With primer 9 (5'-CAGGCCCTTC-3'), which corresponds to primer OPA-01 employed by Larson et al. (1996), a polymorphic marker of 1.100-bp was found (Fig. 3). That band was repeatedly found only in the susceptible lineages. Larson et al. (1996) obtained, with primer OPA-01 a band of 400 bp, characteristic of susceptible lineage (M-line). That lineage was obtained by Newton, in 1955 and combines the albino phenotype with a high susceptibility to infection by Porto Rico strain from S. mansoni. The distinct origins of M-line and BH strains, employed in the current work, could justify the acquisition of distinct polymorphic bands from the amplification with a primer with equal sequence of nucleotides. In other words, the susceptible lineages in question present specific markers but they are different among themselves.

With primer 10 (5'-GGTCCCTGAC-3'), which corresponds to primer OPA-06, employed by Larson et al. (1996), a polymorphic band was obtained, with nearly 1100-bp present (and repeatedly obtained) only in the susceptible lineage (Fig. 4). Such results were agreeing with the ones obtained by Larson et al. (1996) in the susceptible lineage (M-line). It seems it is a matter of a specific marker in the susceptible lineage.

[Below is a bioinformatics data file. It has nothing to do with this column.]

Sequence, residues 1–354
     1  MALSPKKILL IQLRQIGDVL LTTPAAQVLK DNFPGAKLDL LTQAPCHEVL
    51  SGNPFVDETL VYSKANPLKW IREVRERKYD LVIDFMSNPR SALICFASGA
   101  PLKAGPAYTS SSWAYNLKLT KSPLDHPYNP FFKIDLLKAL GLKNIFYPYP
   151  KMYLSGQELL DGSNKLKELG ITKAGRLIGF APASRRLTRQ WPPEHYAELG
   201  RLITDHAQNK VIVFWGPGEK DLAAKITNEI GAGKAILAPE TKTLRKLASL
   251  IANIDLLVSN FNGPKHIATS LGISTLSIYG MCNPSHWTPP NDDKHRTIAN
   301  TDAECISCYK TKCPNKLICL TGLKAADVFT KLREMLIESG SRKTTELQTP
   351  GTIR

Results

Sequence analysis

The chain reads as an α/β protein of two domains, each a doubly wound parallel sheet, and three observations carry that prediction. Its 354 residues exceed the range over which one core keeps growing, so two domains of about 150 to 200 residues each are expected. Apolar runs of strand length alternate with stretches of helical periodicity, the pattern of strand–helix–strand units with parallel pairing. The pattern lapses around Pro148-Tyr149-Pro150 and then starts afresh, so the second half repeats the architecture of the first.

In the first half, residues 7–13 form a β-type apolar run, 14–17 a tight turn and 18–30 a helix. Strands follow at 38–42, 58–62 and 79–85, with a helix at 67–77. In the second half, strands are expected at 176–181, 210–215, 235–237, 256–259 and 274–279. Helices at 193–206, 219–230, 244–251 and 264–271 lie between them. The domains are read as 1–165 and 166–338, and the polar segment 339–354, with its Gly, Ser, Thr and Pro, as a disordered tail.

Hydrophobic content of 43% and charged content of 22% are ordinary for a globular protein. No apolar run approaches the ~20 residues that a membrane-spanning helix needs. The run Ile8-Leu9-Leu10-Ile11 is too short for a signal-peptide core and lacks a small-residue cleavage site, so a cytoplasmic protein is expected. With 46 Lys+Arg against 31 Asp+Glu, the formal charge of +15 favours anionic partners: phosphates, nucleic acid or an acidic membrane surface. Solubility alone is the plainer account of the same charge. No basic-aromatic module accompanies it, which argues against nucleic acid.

A polymorphic band of approximately 800 pb was found in the susceptible lineage of the mollusks B. glabrata after the amplification of the genomic DNA with primer 12 (Fig. 5), whose sequence of oligonucleutideos (5'-AGGGAACGAG-3') was employed by Abdel-Hamid et al. (1999) for the analysis of the genetic variability between resistant and susceptible lineages of B. tenagophila. The authors did not detect, with that primer, any polymorphic marker between the resistant and susceptible cepas. It is concluded that the primer may amplify a very preserved area of the genoma B. tenagophila and, apart from allowing the detection of a marker of the susceptible lineage, that primer presents itself potentially interesting for taxonomic studies among the sympatric species which include B. glabrata and B. tenagophila.